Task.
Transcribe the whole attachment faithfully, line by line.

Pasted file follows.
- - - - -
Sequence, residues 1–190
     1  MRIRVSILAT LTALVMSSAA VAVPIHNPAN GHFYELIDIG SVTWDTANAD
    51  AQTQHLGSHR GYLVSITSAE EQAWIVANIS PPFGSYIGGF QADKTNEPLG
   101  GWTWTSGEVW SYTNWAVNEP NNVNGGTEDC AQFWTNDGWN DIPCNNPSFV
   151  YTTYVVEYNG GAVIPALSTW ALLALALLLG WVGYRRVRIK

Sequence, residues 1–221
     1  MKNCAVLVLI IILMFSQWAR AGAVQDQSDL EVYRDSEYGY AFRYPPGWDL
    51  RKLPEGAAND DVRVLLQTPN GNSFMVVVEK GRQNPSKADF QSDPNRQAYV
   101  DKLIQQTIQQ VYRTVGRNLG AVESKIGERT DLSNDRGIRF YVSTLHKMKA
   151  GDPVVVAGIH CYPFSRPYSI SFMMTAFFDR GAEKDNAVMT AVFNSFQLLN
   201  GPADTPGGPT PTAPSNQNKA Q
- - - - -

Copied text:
Sequence, residues 1–190
     1  MRIRVSILAT LTALVMSSAA VAVPIHNPAN GHFYELIDIG SVTWDTANAD
    51  AQTQHLGSHR GYLVSITSAE EQAWIVANIS PPFGSYIGGF QADKTNEPLG
   101  GWTWTSGEVW SYTNWAVNEP NNVNGGTEDC AQFWTNDGWN DIPCNNPSFV
   151  YTTYVVEYNG GAVIPALSTW ALLALALLLG WVGYRRVRIK

Sequence, residues 1–221
     1  MKNCAVLVLI IILMFSQWAR AGAVQDQSDL EVYRDSEYGY AFRYPPGWDL
    51  RKLPEGAAND DVRVLLQTPN GNSFMVVVEK GRQNPSKADF QSDPNRQAYV
   101  DKLIQQTIQQ VYRTVGRNLG AVESKIGERT DLSNDRGIRF YVSTLHKMKA
   151  GDPVVVAGIH CYPFSRPYSI SFMMTAFFDR GAEKDNAVMT AVFNSFQLLN
   201  GPADTPGGPT PTAPSNQNKA Q